Our Theory of Action is to ensure that each school has a data aligned School Improvement Plan with a system of monitoring, adjusting, and supporting schools, creating cultures with high in expectations and differentiated supports for students and teachers. Partner with leadership development and teaching and learning to strengthen site-based leadership capacity.

With 13 years to graduation, it is important to make sure there is an understanding of the English Language Arts and Math Instructional shifts, the standards, and how the standards align with assessments.

Sharon Morris, Area Superintendent, Area 6, stressed the importance of the Deputy Director’s role in each area office. The Deputy Director play’s an important role, working hand-in-hand with the Area Superintendent

There was general discussion to include:

  • Most everyone is fearful of change. We want to ensure everyone will trust the process?”
  • The role of area superintendent has changed drastically over the last several years. This position has changed, along with responsibilities.
  • There is a fear we are moving too quickly. We need to be sure we have clear concise information and communication
  • Communication is two way and the parents have a right to know what’s going
  • Providing equity means providing equity for all schools. Universal elements would include supporting instructional learning walks; repeat what is working, unpack what’s not; high need schools will receive more help than lower need schools.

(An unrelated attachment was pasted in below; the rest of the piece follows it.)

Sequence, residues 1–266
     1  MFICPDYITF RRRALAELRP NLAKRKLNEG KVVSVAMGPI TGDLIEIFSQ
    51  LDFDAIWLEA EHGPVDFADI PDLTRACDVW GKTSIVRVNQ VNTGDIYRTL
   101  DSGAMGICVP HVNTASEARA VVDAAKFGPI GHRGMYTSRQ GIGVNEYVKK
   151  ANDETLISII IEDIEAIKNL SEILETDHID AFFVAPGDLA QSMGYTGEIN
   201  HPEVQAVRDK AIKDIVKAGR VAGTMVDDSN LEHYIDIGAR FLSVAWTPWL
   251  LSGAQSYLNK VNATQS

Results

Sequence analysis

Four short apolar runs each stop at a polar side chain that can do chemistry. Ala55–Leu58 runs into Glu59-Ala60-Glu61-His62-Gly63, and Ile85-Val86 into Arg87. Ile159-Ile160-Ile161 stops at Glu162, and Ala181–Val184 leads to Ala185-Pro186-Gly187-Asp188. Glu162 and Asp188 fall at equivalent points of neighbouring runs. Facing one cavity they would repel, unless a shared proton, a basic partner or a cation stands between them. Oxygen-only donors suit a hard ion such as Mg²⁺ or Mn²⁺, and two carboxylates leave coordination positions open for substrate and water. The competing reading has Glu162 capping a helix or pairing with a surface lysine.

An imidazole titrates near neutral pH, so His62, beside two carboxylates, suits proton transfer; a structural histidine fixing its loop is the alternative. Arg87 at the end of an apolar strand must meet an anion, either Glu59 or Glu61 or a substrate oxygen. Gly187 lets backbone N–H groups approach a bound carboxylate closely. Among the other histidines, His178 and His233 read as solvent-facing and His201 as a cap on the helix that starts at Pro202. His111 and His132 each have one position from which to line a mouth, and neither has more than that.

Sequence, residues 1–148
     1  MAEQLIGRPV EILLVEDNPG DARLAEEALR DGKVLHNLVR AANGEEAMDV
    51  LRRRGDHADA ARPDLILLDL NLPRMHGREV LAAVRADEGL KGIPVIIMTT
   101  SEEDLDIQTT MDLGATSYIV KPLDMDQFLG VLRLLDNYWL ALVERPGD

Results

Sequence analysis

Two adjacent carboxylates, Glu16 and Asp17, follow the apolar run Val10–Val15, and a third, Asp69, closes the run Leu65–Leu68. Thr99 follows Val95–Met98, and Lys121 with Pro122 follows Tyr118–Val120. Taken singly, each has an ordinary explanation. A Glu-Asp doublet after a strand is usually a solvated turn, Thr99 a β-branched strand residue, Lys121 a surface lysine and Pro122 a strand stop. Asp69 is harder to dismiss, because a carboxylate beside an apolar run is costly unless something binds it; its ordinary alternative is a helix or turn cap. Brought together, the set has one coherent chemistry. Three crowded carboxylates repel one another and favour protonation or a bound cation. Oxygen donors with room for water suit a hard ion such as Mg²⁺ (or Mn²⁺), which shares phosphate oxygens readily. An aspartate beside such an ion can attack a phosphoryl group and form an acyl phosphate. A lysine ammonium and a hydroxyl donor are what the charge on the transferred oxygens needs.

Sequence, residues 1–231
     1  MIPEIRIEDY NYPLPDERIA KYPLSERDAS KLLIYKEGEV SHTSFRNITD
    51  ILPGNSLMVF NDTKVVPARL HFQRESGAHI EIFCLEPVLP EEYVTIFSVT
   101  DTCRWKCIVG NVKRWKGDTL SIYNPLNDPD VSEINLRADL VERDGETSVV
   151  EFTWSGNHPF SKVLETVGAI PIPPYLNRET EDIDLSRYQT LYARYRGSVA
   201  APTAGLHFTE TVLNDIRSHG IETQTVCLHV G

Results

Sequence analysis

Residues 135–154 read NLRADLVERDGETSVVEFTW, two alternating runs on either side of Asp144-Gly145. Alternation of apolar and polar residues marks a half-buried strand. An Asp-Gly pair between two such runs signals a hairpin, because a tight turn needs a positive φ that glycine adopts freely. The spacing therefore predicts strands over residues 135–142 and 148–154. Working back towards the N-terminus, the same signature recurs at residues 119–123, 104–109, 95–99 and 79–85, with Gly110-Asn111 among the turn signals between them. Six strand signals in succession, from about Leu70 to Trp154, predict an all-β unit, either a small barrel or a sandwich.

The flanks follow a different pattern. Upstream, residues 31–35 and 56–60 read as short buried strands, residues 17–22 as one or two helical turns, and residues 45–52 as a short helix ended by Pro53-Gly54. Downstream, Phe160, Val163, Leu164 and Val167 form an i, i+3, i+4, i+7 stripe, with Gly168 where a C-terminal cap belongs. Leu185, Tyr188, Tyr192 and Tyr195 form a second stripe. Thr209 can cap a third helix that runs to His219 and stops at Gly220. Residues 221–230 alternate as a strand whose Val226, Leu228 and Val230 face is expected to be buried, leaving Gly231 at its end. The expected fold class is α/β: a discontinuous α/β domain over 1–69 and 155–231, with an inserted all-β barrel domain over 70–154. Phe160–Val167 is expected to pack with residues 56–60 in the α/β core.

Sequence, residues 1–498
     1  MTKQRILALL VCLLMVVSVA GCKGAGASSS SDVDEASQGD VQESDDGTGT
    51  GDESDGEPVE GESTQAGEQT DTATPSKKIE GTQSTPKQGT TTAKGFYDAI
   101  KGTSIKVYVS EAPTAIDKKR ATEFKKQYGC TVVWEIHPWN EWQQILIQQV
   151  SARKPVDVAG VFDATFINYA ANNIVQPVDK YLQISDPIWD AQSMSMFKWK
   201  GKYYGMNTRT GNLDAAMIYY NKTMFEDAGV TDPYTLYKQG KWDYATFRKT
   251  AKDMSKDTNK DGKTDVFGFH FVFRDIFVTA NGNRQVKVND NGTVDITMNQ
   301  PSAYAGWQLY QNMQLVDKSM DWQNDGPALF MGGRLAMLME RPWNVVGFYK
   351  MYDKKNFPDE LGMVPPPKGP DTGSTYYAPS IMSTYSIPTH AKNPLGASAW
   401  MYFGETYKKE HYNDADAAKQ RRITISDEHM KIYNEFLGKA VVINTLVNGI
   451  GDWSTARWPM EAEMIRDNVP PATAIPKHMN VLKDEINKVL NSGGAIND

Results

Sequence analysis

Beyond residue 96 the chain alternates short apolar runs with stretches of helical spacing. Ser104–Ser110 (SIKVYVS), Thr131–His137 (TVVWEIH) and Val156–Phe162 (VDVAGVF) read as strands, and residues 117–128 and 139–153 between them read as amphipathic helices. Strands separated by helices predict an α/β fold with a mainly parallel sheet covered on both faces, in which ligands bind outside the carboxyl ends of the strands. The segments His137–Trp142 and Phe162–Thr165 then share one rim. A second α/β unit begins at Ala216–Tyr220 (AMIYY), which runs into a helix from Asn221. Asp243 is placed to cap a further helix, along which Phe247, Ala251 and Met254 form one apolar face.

• The difference between having and not having a Deputy Director is the tiered level of support and working together as a team. Areas who currently have Deputy Directors have the advantage of additional knowledge and different personalities to work with the sites.
  • Deputy Directors allow the Area Superintendent the ability to get into the sites. This is additional support that is very much appreciated and needed.
  • Teachers are frustrated with the amount of data they are asked to collect. They are not getting feedback on data submitted. Data should be submitted and analyzed to help make each teacher better and nothing else. Our biggest data collection should be on what students learned today.
  • We need to consider what our employees and the public are thinking when it comes to adding the Deputy Directors to the area offices. In order to create an efficient structure we need this plan in place and there is a cost savings to this plan. After this plan has been shared with the Board it is important to get this information to the Communications office to be shared appropriately.

With no further discussion the workshop was adjourned at 3:39 p.m.

HCPS publishes minutes of School Board meetings after Board approval. Although the online minutes do not include signatures, citizens may arrange to review the official documents by completing a public records request with the Communications Department.